• Cooperative (Coop) – is a unique type of property in that each unit is a part of a larger building, however the unit occupants are not the owners. Instead, when you purchase a coop you are buying shares of a corporation that owns the real estate and are given a specific type of lease to the unit you occupy. Unit occupants also pay for the expenses of the common areas of the development.

While searching the Connecticut MLS or other real estate websites that show condos currently for sale (like this website) you should know that all of the above are typically included when you are searching for the property type ‘condos’. They usually don’t differentiate while searching current listing data.

connecticut real estate

So why is it important to understand what each type of community you are looking at or going to purchase? Because they all have legal and financial differences that directly impact you. It’s very important to understand what you are spending your hard earned money on and what you are getting yourself into when making such a large purchase.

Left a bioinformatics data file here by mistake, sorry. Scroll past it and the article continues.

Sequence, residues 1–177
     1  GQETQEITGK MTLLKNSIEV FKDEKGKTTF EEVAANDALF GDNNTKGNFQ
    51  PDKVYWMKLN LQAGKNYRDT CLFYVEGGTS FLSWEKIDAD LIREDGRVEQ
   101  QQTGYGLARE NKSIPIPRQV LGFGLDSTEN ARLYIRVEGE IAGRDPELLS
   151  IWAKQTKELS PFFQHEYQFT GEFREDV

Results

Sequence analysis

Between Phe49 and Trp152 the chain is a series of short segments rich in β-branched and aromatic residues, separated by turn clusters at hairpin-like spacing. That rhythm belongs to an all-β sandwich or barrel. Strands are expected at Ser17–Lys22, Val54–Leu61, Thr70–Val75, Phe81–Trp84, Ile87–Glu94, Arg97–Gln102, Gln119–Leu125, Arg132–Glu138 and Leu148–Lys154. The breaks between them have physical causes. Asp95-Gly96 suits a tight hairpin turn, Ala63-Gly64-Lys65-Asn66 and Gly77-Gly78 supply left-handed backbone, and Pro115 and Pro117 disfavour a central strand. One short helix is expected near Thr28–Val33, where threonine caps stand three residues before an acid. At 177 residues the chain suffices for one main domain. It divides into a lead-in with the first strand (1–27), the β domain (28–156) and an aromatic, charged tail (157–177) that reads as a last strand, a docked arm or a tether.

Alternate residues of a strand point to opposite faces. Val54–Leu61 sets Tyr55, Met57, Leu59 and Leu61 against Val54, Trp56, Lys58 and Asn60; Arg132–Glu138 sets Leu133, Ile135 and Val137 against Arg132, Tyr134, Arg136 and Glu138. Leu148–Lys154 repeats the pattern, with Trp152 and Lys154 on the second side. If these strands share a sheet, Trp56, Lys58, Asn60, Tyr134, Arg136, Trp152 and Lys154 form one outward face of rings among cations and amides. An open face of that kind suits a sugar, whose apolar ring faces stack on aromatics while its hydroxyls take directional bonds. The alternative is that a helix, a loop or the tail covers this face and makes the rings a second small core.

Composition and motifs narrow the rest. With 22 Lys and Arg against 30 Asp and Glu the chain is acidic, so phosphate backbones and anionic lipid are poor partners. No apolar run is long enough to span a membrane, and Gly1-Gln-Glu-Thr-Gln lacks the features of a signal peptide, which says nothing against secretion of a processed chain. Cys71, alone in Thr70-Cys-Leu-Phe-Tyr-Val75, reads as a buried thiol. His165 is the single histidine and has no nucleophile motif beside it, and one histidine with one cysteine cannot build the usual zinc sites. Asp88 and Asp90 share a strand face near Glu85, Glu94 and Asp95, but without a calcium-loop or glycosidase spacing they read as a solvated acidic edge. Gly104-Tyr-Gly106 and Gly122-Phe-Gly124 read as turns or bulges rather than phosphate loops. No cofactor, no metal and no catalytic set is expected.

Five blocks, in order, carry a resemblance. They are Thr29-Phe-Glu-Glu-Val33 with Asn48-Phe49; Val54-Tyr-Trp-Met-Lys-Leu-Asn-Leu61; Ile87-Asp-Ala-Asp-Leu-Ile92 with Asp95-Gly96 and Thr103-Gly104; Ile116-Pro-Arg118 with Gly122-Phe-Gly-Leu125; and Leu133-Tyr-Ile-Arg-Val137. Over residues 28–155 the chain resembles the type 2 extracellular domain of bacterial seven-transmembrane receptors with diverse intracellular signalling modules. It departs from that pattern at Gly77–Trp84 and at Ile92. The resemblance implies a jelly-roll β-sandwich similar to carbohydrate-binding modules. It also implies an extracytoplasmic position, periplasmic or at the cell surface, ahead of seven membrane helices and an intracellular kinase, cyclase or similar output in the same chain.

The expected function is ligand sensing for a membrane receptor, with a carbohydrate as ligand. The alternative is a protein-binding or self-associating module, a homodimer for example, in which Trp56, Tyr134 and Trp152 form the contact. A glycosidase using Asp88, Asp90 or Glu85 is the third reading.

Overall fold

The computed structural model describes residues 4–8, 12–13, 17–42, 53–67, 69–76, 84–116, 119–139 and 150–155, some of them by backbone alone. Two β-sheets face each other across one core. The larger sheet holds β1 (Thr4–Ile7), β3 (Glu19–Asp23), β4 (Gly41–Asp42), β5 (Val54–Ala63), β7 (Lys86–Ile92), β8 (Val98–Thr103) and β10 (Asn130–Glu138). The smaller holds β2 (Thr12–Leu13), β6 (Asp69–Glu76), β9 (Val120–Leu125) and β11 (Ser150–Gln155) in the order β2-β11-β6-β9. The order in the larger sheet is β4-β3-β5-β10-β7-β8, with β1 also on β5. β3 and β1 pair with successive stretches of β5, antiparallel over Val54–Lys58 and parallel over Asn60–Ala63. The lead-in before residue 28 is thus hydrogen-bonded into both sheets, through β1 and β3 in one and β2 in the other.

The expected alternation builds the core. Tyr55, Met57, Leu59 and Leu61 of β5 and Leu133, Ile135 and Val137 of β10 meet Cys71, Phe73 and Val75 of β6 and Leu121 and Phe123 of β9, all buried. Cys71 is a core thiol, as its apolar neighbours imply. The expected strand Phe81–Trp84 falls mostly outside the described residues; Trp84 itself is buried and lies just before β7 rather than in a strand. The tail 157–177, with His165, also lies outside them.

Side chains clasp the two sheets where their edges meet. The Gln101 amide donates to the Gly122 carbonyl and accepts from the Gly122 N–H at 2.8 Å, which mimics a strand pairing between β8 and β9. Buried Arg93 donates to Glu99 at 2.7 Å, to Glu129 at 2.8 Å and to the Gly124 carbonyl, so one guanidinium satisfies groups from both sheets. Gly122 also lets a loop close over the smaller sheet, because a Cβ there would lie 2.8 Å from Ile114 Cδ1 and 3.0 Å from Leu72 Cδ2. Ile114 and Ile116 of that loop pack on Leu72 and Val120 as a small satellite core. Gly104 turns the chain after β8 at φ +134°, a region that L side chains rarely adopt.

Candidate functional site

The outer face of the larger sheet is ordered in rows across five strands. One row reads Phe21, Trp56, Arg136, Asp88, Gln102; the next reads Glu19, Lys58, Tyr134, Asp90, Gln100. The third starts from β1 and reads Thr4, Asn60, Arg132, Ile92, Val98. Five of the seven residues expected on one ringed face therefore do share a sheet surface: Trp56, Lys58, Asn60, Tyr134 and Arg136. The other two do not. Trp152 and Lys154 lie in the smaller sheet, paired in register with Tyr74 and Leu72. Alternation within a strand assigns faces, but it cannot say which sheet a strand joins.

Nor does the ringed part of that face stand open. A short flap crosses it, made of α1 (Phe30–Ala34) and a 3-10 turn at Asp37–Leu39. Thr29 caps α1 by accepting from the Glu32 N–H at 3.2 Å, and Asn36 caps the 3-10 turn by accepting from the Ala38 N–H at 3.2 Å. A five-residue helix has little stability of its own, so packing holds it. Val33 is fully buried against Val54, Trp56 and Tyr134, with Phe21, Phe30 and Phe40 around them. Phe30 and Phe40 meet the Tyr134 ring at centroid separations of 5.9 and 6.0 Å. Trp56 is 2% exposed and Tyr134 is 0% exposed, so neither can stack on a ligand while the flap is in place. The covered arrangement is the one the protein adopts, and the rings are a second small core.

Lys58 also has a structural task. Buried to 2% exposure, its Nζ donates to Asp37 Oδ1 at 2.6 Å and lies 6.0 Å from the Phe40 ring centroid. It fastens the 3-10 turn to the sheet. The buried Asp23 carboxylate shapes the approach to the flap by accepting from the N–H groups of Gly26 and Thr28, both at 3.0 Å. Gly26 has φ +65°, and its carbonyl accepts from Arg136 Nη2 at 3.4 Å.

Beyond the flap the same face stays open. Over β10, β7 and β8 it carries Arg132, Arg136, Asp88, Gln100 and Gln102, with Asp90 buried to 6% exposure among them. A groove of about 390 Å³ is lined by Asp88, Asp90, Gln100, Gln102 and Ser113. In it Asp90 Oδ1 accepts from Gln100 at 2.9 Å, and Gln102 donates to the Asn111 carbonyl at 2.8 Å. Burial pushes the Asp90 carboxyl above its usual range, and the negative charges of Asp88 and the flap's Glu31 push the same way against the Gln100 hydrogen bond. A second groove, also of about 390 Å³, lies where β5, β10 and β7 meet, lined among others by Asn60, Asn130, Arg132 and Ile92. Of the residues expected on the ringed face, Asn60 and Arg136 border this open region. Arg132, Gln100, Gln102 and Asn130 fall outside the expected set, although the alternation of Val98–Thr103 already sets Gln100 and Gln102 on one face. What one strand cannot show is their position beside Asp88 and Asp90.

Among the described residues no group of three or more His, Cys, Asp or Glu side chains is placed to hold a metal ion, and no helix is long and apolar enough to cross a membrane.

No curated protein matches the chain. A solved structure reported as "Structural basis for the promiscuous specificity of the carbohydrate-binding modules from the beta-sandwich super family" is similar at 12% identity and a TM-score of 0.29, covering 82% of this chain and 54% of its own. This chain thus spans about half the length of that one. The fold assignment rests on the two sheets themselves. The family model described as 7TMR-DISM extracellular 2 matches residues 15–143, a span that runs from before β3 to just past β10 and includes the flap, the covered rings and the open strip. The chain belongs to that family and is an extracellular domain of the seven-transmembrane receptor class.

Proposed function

Condos vs Single Family Homes

When trying to decide on purchasing a condo or a single family home, you need to understand what type of lifestyle you are looking to have for yourself and your family. When you own your own single family home, you are ultimately “master of your domain” meaning you set your own rules, as long as you abide by the state and federal laws!

When living in a condo, you must always remember that you have shared ownership and you must abide by the condos rules that have been established. Also, anytime a group of people live, work or play together a certain “culture” develops and you should pay attention to that culture to make sure it fits in with your social norms. In other words, you need to play nice in the sandbox!